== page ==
Central Florida's Bok Tower Gardens was created by Edward Bok, Pulitzer Prize-winning author, humanitarian and the editor of Ladies Home Journal, who swore by the motto: "Make you the world a bit better or more beautiful because you have lived in it." He also wanted to create a sanctuary for birds, which he called "the tired little singers of the sky."
With the Gardens, which opened in 1929 with a dedication ceremony presided over by President Calvin Coolidge, Bok more than succeeded in these missions. Today the Gardens' 250 acres attract 126 species of birds and contain countless species of plants, flowers and trees. Here's a peek at some of its attractions.
The Gardens' Singing Tower is America's Taj Mahal.Courtesy of Bok Tower Gardens
The magnificent stone- and shell-sheathed structure soars 205 feet, or the equivalent of a 20-story building, and sits on one of the highest points in Florida. Philadelphia architect Milton B. Medary Jr. designed it, and three other men were his close collaborators: sculptor Lee Oscar Lawrie who did all the stonework (he's best known for Atlas at NYC's Rockefeller Center), metalworker Samuel Yellin, and tile maker J.H Dulles Allen. The building started with a steel frame, which was first covered by brick and then by pink Etowah and gray Creole marble from Tate, Georgia, with embellishments of native Florida coquina shells. At sunrise and sunset, the gray, pink and white of the materials make the tower look as if it's glowing.
It sounds beautiful, too.Courtesy of Bok Tower Gardens
Housed in the upper third of the tower is the carillon, a stationary hanging set of musical bells. The bronze bells were cast by the venerable British firm John Taylor & Co., who also worked on St. Paul's Cathedral in London, the Washington National Cathedral, and the chapels at Wellesley College and Duke University. The largest of the 57 bells in the Tower weighs nearly 23,400 pounds; the smallest, a mere 17. The carillonneur, the term used for the musician who plays the bells, uses his fists on one keyboard and his feet on another.
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The Gardens are home to some enormous water lilies.Courtesy of Bok Tower Gardens
This isn't a trick photo, but a real, live child sitting on a pad of one of the giant, rare Victoria water lilies that grow in the Reflection Pool. The pads can support up to 99 pounds as long as weight is evenly distributed (so kids, please don't try this). The Victoria lilies are exceptional in other ways, too. Their pads average five to six feet in diameter, with the record being 10 feet, and their blossoms are 12 inches wide. They bloom for only two nights, but really make the most of their short span, like the Lady Gaga of flowers: The first evening, they're white; and the second, they're bright pink.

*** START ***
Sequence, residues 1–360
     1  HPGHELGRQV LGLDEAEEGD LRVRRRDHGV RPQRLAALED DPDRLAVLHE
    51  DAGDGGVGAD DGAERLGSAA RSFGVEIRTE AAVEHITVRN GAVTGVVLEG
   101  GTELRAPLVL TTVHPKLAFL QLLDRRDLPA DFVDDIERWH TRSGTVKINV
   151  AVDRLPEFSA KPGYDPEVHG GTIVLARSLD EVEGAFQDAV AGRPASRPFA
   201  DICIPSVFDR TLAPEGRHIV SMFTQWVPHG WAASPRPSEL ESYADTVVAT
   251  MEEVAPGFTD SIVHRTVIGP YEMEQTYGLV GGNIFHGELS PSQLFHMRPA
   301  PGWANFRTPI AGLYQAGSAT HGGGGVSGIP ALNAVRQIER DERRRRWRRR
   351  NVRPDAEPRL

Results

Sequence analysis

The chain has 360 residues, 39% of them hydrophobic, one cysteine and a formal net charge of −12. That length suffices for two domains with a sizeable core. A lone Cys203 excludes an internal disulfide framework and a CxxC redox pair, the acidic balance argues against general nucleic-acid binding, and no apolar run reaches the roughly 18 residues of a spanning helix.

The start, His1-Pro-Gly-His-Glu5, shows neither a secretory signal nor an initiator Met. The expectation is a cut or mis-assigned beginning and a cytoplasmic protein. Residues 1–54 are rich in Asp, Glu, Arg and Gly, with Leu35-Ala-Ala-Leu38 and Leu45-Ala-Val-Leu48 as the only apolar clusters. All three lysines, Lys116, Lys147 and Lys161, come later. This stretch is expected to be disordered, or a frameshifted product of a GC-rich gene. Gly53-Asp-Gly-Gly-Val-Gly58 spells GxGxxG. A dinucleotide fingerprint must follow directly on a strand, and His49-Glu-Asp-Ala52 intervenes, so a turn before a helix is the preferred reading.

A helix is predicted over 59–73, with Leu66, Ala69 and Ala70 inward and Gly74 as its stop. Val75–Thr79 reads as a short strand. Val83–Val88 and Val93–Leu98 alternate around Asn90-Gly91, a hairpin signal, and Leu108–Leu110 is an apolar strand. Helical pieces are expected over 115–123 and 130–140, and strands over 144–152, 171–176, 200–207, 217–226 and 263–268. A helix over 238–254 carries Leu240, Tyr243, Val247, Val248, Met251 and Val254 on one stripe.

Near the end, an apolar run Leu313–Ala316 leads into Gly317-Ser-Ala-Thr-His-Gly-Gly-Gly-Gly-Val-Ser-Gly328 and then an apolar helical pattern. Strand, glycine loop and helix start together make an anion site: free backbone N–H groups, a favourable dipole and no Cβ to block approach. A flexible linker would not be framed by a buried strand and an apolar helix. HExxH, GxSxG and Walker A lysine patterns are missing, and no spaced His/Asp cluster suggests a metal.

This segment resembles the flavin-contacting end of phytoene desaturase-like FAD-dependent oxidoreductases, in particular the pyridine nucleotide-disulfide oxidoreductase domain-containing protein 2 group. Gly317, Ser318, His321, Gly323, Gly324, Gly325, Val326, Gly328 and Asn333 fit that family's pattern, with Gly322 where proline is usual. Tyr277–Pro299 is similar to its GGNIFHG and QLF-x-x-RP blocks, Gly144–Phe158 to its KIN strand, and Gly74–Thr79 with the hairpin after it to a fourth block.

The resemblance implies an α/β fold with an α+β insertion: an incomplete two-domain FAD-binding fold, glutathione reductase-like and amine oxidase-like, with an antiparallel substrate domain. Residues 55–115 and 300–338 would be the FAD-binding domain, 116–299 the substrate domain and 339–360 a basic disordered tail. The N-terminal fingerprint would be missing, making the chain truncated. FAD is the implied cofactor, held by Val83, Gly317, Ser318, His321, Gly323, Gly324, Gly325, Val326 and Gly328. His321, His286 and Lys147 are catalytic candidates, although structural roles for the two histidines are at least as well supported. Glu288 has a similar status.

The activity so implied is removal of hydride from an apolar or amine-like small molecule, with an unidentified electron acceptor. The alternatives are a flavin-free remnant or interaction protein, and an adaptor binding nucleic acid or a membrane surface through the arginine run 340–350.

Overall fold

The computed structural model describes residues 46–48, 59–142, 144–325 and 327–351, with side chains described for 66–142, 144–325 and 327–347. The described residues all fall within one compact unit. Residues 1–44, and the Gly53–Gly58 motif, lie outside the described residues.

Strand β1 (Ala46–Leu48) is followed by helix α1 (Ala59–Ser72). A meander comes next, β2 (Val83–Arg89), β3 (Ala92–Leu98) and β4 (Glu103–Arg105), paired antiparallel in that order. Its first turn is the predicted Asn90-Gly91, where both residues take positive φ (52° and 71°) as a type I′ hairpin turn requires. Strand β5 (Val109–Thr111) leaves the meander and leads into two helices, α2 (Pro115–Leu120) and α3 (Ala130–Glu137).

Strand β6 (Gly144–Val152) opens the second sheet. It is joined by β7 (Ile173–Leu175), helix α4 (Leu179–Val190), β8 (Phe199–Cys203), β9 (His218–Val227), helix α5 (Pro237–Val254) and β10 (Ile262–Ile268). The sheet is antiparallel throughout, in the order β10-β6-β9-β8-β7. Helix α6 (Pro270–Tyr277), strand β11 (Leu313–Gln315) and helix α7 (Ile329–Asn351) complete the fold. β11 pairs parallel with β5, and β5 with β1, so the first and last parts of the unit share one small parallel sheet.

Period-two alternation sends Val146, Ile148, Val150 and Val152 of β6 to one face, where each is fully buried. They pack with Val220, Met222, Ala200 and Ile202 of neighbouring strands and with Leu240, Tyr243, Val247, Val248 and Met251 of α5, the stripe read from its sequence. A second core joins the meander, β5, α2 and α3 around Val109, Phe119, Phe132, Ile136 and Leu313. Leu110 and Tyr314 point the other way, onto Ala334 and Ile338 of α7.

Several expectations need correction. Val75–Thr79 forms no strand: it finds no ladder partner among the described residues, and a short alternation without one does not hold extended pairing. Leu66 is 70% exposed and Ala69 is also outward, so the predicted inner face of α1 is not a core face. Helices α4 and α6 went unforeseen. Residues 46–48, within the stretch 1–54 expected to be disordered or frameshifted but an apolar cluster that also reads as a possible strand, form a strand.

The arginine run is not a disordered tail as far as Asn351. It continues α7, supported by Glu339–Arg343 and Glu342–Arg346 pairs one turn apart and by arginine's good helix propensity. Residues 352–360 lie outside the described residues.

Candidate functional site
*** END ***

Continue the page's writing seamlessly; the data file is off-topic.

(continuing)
It's exceptionally stunning during peak bloom season.Courtesy of Bok Tower Gardens
Let New Englanders get all excited for leaf-peeping season, which is essentially a festival of decaying foliage. Floridians get their year's best photo ops during peak bloom season, a techni-colored celebration of nature's rebirth sometime in February and March, depending on the weather. On the azalea path, some 10,000 azaleas were planted when the spot first opened in 1929. The gardens were designed by Frederick Law Olmsted Jr., who also masterminded grounds for the White House, National Mall, Jefferson Memorial, and the National Zoo and was the son of the Olmsted responsible for NYC's Central Park, Boston's Emerald Necklace, and the Biltmore in North Carolina, among numerous other landmarks. Together, the gardens boast 150 varieties of camellias, as well as orchids, irises, bloom-bedecked trees like magnolia and plum, and other flowering plants.
Though massive, you can still find a private corner.Courtesy of Bok Tower Gardens
The gardens also contain the Pinewood Estate, a 12,700 square foot, 20-room Mediterranean revival mansion and its grounds built between 1930-1932 as a winter home for C. Austin Buck, vice-president of Bethlehem Steel Co. in Pennsylvania. (He had good reason for such a big place: Buck had nine children and 18 grandchildren.) William Lyman Phillips of the Olmsted Brothers firm designed its landscape, and among the captivating, cosmopolitan elements Phillips crafted into the property were a formal Mediterranean-style garden with a Cuban Spanish frog fountain that leads into a coral grotto; an Asian-style Moon Gate Garden off the dining room porch; and an English-style country garden with a lawn and pond.
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